• Retinoids — like isotretinoin and tretinoin, two commonly prescribed medications — may cause hair loss. However, there are conflicting studies about “tretinoin hair loss.”

  • Thyroid medications, in rare cases, can cause diffuse hair loss due to thyroid overactivity or thyroid inactivity. However, it’s also worth noting that it may be difficult to determine whether hair loss is caused by a thyroid condition or the drugs used to treat it. 

  • Blood pressure medications, such as beta-blockers propranolol or ACE inhibitors like lisinopril, can sometimes have a side effect that results in hair loss.

Medical Conditions

Certain types of medical conditions, including thyroid conditions, as mentioned above, can cause you to go bald. 

One particular medical cause of hair loss is called alopecia areata. This immune condition causes your body’s immune system to attack your hair follicles, resulting in rapid hair loss that usually grows back over time (though not always).

Want to know how to tell whether you have male pattern baldness or alopecia areata? Look at your hair loss pattern — alopecia areata causes patchy hair loss vs. the receding hairline of male pattern hair loss.


Just as your diet and stress levels can have an impact on the health of your hair, so can other aspects of your lifestyle. If you drink, party and barely get any sleep, your hairline could suffer.

Sleep plays an important role in so many aspects of your health, including your hairline. Research data shows that lack of sleep can contribute to stress, which in turn can often lead to telogen effluvium.

Low-quality sleep also results in lower production of essential hormones, many of which play a major role in promoting hair growth.

Of course, you don’t have to completely give up drinking, going to parties or staying out late simply for the sake of your hair. But reducing alcohol consumption, smoking and late nights could all positively affect damaged hair.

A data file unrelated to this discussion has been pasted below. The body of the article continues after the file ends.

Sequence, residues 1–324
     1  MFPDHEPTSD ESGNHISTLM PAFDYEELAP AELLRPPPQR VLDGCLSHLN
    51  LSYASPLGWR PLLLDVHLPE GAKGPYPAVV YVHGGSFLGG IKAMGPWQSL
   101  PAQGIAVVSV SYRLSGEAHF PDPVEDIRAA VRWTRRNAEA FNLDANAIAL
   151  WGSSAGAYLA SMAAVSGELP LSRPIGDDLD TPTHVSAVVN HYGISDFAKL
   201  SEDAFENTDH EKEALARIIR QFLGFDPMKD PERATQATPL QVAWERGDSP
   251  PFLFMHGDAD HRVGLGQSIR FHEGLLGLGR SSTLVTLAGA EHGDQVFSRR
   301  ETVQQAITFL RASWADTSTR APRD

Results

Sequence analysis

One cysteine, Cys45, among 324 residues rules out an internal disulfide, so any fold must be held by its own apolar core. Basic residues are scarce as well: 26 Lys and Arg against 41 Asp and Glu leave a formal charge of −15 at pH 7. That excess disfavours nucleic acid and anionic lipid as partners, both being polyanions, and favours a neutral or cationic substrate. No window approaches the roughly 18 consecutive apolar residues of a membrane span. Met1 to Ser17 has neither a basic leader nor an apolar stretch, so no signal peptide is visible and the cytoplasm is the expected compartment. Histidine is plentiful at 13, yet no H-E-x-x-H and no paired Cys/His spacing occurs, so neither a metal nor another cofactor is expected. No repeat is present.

You can also browse this guide for other lifestyle changes and more tips for hair growth. Just remember that hair loss is still mostly hormonal and genetic. While improving your lifestyle is a great way to avoid stress-induced hair loss, it won’t do anything to stop genetic male pattern baldness — that requires a different solution.

Buy finasteride

more hair... there's a pill for that


We hate to say it but as your age increases, so do your chances of going bald. But exactly when do men go bald?

A really not-so-fun fact: we mentioned earlier that up to 50 percent of men will notice some degree of hair loss by the time they’re fifty, but male pattern hair loss can begin as early as our teens.

While you may think losing hair is associated with an AARP membership, hair loss and thinning hair can begin at any age — even in your 20s. Research shows that up to 30 percent of Caucasian men deal with some form of hair loss before they turn 30 years old, while that number is slightly lower for people of other races and ethnicities.

Research published in the journal Dermatologic Surgery also found that 16 percent of men aged 18 to 29 and 53 percent of men in their 40s already have moderate to extensive hair loss.

As we age, our hair naturally begins to thin out, with individual hair strands getting smaller and taking on a lighter pigment as some follicles cease to grow new hair altogether.

Our bodies also produce hair more slowly as we get older, with the average person’s hair growth cycle lasting between two and six years.

While aging is one reason people go bald, there can be other ways to know if you're going bald. Looking out for these and other signs of balding as well as speaking to your healthcare provider can help narrow down the possible culprit.

Will you join thousands of happy customers?

4.5 average rating

Before/after images shared by customers who have purchased varying products, including prescription based products. Prescription products require an online consultation with a healthcare provider who will determine if a prescription is appropriate. These customers’ results have not been independently verified. Individual results will vary. Customers were given free product.

Now that you know a bit more about what causes baldness in men, you’ll be relieved to know there are several treatments for male pattern hair loss, no matter what the cause.

  • Hair loss treatments like finasteride (a daily pill) and minoxidil (a topical treatment used twice daily) stimulate hair growth in areas where hair is more likely to thin or fall out. You can either use a minoxidil foam or a minoxidil solution, or a healthcare provider may recommend a combination topical finasteride and minoxidil spray.

  • Eliminating, or at least attempting to decrease, stress in your daily life could be a helpful way to reduce hair loss.

  • Take a hair-strengthening vitamin supplement, such as biotin, to support your hair preservation. Biotin gummies are packed with B7, an essential building block for hair growth. But remember that while getting your vitamins is always a good idea, this hair loss treatment works best for people with a true biotin deficiency, which is rare.

  • You may consider getting a hair transplant (taking hair from the areas of your scalp that aren’t affected by male pattern baldness and moving it to areas that are) or at least talking to a healthcare professional to see if it’s the best option for you.